Doctor of osteopathic medicine
A doctor of osteopathic medicine (D.O.) is a physician licensed to practice medicine, perform surgery, and prescribe medication.
Like all allopathic physicians (or MDs), osteopathic physicians complete 4 years of medical school and can choose to practice in any specialty of medicine. However, osteopathic physicians receive an additional 300 to 500 hours in the study of hands-on manual medicine and the body's musculoskeletal system.
Osteopathic physicians hold to the principle that a patient's history of illness and physical trauma are written into the body's structure. The osteopathic physician's highly developed sense of touch allows the physician to feel (palpitate) the patient's living anatomy (the flow of fluids, motion and texture of tissues, and structural makeup).
Like MDs, osteopathic physicians are licensed at the state level. Osteopathic physicians who wish to specialize may become board certified (in the same manner as MDs) by completing a 2- to 6-year residency within the specialty area and passing the board certification exams.
DOs practice in all specialties of medicine, ranging from emergency medicine and cardiovascular surgery to psychiatry and geriatrics. A majority of osteopathic doctors use many of the medical and surgical treatments that are used by other medical doctors.
Chila A. Foundations of Osteopathic Medicine. 3rd ed. Philadelphia, PA: Lippincott Williams and Wilkins; 2010.
Gevitz N. The "doctor of osteopathy": expanding the scope of practice. J Am Osteopath Assoc. 2014;114:200-212.
Kuchera ML. Applying osteopathic principles to formulate treatment for patients with chronic pain. J Am Osteopath Assoc. 2007;107(10 Suppl 6):ES28-S38.
Moore WJ. The eccentricities of osteopathy. BMJ. 2012;345:e5890.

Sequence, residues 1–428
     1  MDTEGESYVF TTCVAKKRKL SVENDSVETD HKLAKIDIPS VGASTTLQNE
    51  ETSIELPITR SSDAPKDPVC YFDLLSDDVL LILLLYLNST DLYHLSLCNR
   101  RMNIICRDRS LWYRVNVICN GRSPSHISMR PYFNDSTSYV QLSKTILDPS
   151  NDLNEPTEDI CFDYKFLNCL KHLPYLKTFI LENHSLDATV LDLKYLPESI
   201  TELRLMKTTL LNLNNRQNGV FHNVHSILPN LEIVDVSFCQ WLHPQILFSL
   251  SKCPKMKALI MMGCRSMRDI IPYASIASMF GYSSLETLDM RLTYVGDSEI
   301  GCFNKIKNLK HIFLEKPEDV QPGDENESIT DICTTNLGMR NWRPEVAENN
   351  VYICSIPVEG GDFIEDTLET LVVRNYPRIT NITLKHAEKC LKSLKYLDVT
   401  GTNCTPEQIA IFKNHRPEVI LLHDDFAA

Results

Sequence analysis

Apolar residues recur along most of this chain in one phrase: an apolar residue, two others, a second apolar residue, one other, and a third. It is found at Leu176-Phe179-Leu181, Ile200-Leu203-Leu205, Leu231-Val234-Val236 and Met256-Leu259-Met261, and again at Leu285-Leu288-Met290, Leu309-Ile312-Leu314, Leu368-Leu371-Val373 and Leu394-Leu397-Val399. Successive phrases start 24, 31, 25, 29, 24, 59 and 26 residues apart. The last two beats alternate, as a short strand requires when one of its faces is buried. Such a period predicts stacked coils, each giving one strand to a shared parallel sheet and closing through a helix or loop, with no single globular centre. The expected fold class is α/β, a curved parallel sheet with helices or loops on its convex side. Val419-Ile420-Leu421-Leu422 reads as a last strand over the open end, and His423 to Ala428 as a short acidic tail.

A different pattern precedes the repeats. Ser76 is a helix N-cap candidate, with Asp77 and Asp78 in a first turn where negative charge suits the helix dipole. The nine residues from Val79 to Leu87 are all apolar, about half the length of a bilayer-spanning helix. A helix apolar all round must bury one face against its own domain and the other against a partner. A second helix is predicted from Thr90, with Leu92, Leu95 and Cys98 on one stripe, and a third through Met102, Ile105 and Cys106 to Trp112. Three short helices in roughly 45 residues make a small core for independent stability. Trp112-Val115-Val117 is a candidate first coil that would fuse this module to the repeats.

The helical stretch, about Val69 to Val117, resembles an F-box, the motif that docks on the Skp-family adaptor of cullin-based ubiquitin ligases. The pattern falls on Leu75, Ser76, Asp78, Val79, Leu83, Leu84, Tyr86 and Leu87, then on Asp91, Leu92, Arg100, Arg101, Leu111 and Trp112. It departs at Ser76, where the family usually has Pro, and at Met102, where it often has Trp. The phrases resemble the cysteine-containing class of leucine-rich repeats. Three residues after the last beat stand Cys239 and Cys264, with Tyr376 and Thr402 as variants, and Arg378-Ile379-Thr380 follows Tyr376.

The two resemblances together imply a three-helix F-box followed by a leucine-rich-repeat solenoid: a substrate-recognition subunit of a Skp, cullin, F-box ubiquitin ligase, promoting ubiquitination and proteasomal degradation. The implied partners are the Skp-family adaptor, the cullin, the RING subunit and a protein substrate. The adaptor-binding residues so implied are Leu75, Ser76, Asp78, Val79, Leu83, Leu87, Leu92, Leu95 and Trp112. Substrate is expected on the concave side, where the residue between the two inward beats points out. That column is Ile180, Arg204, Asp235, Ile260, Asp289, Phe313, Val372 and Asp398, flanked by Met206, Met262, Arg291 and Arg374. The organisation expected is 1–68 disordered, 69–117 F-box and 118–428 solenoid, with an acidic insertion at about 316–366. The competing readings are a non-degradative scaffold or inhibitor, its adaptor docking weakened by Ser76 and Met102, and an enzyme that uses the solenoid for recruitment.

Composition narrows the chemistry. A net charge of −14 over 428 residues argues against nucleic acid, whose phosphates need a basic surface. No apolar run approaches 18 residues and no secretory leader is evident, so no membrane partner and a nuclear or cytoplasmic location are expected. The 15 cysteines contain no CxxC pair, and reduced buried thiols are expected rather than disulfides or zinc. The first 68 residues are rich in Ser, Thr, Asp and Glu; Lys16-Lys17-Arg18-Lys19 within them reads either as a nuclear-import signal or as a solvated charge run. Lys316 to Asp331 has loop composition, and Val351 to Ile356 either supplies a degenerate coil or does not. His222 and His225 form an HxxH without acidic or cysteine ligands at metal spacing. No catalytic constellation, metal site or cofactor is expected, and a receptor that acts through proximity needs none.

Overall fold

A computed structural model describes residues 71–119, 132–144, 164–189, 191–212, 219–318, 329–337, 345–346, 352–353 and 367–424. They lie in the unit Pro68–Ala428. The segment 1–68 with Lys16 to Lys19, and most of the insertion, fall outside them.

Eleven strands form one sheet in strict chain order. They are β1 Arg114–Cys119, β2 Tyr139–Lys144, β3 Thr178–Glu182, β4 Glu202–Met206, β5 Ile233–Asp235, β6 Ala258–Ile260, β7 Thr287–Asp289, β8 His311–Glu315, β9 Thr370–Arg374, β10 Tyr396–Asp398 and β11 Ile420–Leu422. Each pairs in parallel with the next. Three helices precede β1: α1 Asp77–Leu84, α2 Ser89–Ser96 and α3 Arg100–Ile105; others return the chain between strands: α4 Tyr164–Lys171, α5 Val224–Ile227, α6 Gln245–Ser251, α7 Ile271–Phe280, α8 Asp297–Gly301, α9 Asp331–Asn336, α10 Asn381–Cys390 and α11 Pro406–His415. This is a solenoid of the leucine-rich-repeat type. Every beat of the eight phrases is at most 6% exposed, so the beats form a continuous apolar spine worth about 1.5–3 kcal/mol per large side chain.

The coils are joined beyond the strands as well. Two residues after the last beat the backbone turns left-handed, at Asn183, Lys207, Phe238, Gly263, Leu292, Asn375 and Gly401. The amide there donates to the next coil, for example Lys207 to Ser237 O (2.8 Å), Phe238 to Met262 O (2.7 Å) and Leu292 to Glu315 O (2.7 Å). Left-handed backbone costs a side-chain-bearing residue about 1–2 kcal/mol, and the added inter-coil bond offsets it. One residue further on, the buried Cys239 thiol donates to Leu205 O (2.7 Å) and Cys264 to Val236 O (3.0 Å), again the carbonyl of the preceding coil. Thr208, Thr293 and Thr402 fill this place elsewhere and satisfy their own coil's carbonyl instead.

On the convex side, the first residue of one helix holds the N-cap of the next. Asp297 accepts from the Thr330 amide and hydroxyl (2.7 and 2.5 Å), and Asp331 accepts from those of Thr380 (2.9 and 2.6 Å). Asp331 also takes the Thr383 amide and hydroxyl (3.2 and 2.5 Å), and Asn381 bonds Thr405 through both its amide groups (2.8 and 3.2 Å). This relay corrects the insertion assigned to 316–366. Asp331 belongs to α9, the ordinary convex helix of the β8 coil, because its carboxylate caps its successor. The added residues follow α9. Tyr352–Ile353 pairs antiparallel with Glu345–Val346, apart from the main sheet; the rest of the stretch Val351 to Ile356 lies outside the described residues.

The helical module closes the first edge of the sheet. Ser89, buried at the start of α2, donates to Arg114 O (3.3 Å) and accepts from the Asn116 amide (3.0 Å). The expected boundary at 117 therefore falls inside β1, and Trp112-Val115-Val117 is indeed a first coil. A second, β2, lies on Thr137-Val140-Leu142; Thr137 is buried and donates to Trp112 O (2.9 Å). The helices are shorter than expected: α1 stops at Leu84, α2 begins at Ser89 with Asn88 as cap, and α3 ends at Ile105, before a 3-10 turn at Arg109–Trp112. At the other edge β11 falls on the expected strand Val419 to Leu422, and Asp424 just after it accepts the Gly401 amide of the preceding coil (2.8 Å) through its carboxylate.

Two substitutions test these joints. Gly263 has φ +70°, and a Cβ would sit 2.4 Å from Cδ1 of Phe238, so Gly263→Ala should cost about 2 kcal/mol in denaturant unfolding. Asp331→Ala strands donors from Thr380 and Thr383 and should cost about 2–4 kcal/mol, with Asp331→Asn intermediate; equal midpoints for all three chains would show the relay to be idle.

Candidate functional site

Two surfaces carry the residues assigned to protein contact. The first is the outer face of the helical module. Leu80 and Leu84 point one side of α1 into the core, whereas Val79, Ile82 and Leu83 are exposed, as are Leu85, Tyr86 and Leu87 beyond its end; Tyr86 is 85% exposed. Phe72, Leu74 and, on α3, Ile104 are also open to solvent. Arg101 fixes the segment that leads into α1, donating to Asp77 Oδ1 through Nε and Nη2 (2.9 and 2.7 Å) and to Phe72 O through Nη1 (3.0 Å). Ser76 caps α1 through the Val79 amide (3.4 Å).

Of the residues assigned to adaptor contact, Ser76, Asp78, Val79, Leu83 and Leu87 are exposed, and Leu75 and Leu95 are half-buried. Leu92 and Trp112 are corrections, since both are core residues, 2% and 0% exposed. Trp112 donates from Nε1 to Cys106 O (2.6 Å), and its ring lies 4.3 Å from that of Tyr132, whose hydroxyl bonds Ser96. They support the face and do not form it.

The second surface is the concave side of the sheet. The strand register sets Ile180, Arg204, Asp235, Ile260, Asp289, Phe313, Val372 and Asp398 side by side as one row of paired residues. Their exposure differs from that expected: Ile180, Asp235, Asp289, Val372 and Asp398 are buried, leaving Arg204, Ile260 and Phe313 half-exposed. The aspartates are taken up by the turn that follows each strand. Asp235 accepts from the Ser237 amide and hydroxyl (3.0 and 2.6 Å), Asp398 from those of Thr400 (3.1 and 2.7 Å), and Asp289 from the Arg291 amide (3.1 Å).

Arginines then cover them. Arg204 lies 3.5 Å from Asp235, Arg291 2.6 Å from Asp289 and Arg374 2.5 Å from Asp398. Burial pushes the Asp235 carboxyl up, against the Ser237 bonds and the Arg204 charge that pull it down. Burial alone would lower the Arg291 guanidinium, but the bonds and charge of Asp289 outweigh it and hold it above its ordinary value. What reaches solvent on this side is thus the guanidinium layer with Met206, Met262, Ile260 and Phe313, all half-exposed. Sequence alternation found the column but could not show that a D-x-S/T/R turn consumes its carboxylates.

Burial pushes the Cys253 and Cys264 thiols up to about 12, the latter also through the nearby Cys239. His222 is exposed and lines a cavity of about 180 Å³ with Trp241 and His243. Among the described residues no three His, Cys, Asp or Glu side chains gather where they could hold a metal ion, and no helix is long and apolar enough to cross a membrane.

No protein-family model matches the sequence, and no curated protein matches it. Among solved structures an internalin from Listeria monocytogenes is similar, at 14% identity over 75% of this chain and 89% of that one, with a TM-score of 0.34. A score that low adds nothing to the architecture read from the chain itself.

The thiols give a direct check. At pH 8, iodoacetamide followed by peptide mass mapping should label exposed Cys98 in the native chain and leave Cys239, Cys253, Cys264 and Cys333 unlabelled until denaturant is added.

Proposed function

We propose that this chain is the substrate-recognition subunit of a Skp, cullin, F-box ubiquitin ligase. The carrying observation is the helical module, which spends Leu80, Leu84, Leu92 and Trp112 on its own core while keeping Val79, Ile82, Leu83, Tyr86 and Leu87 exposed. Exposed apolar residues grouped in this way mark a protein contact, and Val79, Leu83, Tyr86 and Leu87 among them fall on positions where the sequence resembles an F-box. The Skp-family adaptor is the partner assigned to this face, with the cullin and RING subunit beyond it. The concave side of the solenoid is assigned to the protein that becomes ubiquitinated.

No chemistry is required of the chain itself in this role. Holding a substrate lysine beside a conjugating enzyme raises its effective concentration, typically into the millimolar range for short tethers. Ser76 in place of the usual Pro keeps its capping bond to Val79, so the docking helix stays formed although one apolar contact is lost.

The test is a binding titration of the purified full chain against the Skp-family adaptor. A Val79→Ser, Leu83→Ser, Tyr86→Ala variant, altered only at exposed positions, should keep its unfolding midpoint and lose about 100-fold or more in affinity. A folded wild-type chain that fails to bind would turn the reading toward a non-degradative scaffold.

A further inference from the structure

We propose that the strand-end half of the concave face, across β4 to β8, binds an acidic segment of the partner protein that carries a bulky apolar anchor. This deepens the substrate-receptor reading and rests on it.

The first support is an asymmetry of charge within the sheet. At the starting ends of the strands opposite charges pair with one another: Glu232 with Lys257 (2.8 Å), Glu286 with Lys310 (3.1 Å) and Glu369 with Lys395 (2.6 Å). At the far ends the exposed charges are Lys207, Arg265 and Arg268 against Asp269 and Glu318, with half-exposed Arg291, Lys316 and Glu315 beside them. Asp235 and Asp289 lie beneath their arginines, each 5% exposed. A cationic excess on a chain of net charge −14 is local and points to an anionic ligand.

Stark J. A degree of difference: the origins of osteopathy and the first use of the "DO" designation. J Am Osteopath Assoc. 2014;114:615-617.
Thomson OP, Petty NJ, Moore AP. A qualitative grounded theory study of the conceptions of clinical practice in osteopathy - a continuum from technical rationality to professional artistry. Man Ther. 2014;19:37-43.
Reviewed By:Paul Ballas, DO, Attending Psychiatrist, Friends Hospital, Philadelphia, PA. Review provided by VeriMed Healthcare Network. Also reviewed by David Zieve, MD, MHA, Isla Ogilvie, PhD, and the A.D.A.M. Editorial team.
The information provided herein should not be used during any medical emergency
or for the diagnosis or treatment of any medical condition. A licensed medical professional
should be consulted for diagnosis and treatment of any and all medical conditions. Call 911
for all medical emergencies. Links to other sites are provided for information only -- they
do not constitute endorsements of those other sites. © 1997-A.D.A.M., Inc. Any duplication or distribution of the information contained herein is strictly prohibited.
The Agency for Health Care Administration (Agency) and this website do not claim the information on, or referred to by, this site is error free. This site may include links to websites of other government agencies or private groups. Our Agency and this website do not control such sites and are not responsible for their content. Reference to or links to any other group, product, service, or information does not mean our Agency or this website approves of that group, product, service, or information.
Additionally, while health information provided through this website may be a valuable resource for the public, it is not designed to offer medical advice. Talk with your doctor about medical care questions you may have.